This character is surely one of the great inventions of 20th century comedy, the love-child of two writers and the actor they served.
Just as surely as Archie Rice or Jimmy Porter, Hancock as created by Galton and Simpson expressed the age - the post-war accidie, the sense of vanished dreams, of alienation and angst, the rage against conformist greyness - but through the rumpled and familiar form of the man the writers in an inspired moment christened Anthony Aloysius St John Hancock. In one of a million astonishing details in the book, Fisher reveals that Hancock was seriously courted to play Jimmy Porter in the film of Look Back in Anger. As a boy I was besotted with Hancock, especially after his transition to TV, for which medium his infinitely expressive, melted-down features seemed made.
Indeed, I identified with him, recognising in him a middle-aged child not so very unlike the middle-aged child I felt myself to be. There is so often a child at the heart of great comic creation, and Hancock was gorgeously, outrageously infantile. The part was bespoke: Fisher is exceptionally good on the interpenetration of character and man, and shrewdly observes that it was this that began to gnaw at Hancock.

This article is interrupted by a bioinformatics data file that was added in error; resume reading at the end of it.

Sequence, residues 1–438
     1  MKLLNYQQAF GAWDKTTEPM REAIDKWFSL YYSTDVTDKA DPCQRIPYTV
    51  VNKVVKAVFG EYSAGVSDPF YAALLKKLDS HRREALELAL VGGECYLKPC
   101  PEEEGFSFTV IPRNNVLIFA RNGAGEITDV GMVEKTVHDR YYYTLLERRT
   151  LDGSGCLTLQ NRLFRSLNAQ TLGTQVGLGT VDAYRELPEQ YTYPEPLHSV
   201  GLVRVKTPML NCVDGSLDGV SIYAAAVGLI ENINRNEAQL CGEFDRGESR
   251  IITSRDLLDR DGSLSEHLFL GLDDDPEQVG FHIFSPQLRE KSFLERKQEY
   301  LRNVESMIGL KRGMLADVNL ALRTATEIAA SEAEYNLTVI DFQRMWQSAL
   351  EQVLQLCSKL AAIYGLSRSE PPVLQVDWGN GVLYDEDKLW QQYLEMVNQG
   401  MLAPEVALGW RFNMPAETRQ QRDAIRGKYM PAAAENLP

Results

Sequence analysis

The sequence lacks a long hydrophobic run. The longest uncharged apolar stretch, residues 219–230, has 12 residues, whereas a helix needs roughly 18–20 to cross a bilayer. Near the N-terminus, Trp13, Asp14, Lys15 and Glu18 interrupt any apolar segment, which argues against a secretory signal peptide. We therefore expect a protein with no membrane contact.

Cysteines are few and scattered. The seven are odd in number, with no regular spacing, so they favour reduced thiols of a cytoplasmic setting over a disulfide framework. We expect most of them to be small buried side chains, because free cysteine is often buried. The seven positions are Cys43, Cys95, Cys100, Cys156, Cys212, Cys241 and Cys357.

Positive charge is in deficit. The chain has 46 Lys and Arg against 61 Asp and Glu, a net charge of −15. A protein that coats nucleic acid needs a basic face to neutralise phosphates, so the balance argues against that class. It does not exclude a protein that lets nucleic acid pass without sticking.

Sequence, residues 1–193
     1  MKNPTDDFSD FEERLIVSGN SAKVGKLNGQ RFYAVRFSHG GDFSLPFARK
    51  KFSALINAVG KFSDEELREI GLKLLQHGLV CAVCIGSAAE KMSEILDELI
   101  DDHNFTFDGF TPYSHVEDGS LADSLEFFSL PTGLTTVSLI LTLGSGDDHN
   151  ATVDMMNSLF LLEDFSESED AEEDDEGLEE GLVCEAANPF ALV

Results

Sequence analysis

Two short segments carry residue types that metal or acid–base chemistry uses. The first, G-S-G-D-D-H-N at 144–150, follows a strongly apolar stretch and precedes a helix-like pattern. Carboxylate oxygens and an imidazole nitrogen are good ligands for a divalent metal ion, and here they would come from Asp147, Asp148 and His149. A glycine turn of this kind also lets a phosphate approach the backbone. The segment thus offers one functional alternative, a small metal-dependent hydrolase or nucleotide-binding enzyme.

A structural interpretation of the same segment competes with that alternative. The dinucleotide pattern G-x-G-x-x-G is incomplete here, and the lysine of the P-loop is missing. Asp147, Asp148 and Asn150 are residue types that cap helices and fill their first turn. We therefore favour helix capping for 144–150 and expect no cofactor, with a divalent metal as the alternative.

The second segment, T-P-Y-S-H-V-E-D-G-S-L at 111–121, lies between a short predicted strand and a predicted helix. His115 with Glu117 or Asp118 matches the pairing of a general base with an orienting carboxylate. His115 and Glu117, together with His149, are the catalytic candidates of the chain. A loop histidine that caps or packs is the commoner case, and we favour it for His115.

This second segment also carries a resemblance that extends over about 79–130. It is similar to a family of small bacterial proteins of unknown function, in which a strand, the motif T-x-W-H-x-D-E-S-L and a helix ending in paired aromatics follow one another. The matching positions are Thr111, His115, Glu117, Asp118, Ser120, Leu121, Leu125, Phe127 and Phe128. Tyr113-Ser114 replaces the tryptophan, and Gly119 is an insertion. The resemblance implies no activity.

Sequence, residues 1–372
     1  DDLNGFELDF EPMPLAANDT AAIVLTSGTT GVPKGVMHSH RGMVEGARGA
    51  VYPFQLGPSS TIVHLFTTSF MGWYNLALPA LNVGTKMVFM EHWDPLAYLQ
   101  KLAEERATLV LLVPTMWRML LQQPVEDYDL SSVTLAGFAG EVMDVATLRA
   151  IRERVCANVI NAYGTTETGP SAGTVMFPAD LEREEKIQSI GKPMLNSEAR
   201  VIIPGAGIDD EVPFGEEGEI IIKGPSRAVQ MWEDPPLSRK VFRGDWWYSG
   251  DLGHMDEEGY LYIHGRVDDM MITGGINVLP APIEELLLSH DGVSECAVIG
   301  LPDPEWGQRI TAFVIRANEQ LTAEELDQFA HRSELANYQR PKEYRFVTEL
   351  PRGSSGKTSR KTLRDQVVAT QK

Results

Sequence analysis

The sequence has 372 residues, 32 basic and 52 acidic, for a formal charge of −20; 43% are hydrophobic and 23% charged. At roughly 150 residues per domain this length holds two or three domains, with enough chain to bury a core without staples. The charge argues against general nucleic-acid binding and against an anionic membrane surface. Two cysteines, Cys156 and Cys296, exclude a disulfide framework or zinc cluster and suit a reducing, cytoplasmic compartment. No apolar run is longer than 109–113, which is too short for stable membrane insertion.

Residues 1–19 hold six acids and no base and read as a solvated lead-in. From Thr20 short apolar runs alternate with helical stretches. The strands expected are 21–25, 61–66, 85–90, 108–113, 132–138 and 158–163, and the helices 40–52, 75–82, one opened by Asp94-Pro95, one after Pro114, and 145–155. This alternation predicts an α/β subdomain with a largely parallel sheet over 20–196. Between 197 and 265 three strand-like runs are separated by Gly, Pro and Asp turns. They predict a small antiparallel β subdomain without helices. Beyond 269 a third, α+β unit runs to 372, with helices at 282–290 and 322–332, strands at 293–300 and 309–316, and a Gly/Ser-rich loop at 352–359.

There were times, Fisher says, "when he felt cheated of his real identity". He began to feel that the character was merely him, and that therefore he wasn't proving himself. He started to think of himself as an artist, which, of course, he was, but a deeply instinctive one - he never read the radio scripts until the morning of the transmission, giving flawlessly timed and inhabited impromptu performances. The blitheness of radio - where scripts don't have to be learned and the actors have an easy camaraderie across the microphones - left him blissfully unselfconscious.
Television, where everything had to happen for real, started the process of endless self-analysis which, his brother noted, killed him. He was invited to appear on the notorious Face to Face series in which the invisible John Freeman, shrouded in shadow, interrogated him as the camera dwelt on his face. It was a form of public confession without absolution which did him irreparable damage, tipping him over into a sort of anguished contemplation of his own limitations and an obsessive determination to innovate. He yearned to be an international figure, like Chaplin or Buster Keaton.
This meant the dismantlement of Hancock as we knew him, the departure from East Cheam, the abandonment of his co-stars Sid James the first to go and, catastrophically, the dismissal of his writers. From then on - despite occasional successes such as his film The Rebel - it was a slow and increasingly excruciating professional suicide. His consumption of alcohol while on the job, which had begun when he was playing in variety theatres, began to destroy his talent: In life, he and his wives and mistresses plunged headlong into a sea of booze; at one point he chained himself to the railings of Primrose Hill.
Often things turned violent.